The window of risk for developing a schizophrenia-spectrum disorder overlaps with young adulthood, a time of increased independence and self-sufficiency. Research suggests that this period is also associated with increased substance use and risky sexual encounters. The current study aimed to examine rates of alcohol usage and risky sexual behaviors in those demonstrating higher rates of schizotypy (i.e., risk indicator for schizophrenia). Data was collected at a midsized university in the Northeastern United States during the 2019–2020 and 2020–2021 academic years. A total of 385 undergraduate students enrolled in introductory psychology classes completed the study either in-person or online. The study consisted of questionnaires related to alcohol usage, rates of sexual risk behaviors, and schizotypal traits. Due to COVID-19 restrictions and the time period covered by the sexual risk measure (i.e., the last six months), the authors deemed it necessary to omit certain participants, leaving 179 participants in our main analyses. Participants who reported higher levels of alcohol usage and positive schizotypy demonstrated increased engagement in specific sexual risk behaviors, while higher levels of negative schizotypy may have acted as a protective factor against engagement in sexual risk. Descriptive data for participants collected during the pandemic period was provided for comparison and for the interest of future researchers looking at the pandemic period (n = 180). The current findings provide a snapshot (baseline rate) of sexual behavior and alcohol usage in a nonclinical sample with varying risk for psychosis that extends previous research involving clinical samples.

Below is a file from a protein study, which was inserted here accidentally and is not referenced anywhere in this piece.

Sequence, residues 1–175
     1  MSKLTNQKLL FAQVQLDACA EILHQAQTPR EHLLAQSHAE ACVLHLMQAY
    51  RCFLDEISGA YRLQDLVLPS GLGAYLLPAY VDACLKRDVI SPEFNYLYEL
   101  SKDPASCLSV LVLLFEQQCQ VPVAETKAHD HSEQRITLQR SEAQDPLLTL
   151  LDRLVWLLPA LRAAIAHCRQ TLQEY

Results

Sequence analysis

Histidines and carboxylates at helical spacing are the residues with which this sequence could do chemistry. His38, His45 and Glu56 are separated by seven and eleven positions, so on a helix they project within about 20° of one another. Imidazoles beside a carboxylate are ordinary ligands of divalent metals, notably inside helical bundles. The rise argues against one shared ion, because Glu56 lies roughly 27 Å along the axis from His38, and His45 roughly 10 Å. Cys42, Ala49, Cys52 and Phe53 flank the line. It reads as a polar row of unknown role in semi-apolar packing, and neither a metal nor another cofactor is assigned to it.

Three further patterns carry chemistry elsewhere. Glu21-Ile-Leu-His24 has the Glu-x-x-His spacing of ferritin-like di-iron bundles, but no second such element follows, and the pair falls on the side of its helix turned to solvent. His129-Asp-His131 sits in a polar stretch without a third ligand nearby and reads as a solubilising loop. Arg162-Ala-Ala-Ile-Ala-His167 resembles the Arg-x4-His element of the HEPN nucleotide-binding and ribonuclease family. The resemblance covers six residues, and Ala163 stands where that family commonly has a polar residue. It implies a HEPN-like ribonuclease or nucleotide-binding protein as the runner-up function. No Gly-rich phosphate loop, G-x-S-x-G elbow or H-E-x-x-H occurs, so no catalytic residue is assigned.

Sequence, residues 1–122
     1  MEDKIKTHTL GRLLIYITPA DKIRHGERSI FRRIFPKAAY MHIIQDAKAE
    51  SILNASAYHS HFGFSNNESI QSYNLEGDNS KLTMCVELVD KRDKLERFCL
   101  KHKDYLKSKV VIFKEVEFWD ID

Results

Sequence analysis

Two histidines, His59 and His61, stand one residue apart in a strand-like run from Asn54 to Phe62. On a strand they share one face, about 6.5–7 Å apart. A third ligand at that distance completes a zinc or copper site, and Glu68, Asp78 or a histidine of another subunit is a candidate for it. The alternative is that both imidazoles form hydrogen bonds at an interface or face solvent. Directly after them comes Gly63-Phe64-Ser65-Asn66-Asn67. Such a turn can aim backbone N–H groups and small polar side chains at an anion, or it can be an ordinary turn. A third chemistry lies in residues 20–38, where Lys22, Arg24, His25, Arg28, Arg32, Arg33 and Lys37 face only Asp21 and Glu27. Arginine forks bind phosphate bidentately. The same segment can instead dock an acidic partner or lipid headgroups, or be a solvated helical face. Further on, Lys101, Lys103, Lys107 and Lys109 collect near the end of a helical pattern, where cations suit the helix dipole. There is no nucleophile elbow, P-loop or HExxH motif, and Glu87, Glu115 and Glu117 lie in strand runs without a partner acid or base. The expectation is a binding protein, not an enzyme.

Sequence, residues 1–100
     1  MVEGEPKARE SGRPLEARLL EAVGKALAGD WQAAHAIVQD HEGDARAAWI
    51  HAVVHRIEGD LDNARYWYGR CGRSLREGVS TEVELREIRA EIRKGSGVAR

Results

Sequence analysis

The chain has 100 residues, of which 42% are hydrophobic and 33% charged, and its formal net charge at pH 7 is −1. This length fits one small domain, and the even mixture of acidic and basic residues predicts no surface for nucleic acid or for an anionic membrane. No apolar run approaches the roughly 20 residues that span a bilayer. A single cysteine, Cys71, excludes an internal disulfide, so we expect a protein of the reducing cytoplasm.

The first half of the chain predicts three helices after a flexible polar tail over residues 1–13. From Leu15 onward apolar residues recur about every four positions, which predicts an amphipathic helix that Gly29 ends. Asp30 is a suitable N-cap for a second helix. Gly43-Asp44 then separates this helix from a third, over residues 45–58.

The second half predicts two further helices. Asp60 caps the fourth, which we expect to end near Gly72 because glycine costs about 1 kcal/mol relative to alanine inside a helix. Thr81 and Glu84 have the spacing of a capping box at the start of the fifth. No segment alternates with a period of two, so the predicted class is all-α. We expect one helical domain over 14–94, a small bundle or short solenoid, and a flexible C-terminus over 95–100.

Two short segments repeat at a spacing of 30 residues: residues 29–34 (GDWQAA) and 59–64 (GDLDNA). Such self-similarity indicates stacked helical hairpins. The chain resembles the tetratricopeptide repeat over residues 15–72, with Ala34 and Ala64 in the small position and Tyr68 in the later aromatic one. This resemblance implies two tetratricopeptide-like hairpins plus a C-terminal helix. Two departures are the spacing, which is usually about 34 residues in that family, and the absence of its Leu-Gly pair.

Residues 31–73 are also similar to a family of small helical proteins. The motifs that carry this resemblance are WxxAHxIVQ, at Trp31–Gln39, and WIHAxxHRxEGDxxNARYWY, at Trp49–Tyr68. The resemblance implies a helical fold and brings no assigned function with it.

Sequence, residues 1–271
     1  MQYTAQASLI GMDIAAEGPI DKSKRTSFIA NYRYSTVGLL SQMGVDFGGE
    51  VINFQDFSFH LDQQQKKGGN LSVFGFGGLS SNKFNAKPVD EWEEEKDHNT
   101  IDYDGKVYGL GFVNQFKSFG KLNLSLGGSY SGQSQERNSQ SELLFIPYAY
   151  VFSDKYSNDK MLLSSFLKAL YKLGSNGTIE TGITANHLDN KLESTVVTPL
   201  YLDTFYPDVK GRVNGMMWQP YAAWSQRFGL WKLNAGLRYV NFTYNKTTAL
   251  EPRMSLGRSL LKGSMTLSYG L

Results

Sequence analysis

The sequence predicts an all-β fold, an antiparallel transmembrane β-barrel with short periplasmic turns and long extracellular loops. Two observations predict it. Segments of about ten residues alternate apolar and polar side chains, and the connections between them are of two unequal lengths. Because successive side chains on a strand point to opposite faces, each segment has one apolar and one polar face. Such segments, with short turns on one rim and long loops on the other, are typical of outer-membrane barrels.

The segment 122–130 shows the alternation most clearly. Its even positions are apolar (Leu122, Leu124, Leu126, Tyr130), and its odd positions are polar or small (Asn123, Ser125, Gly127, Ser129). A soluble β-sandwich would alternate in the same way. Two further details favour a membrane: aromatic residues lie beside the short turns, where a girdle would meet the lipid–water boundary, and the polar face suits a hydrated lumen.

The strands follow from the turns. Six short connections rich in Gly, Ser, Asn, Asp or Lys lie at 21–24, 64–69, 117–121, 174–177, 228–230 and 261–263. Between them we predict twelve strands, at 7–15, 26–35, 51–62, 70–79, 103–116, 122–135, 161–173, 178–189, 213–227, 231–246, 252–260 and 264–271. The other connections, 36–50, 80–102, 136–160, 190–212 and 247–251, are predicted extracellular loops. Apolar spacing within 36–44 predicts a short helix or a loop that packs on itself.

|Original language||English (US)|
|State||Accepted/In press - 2022|
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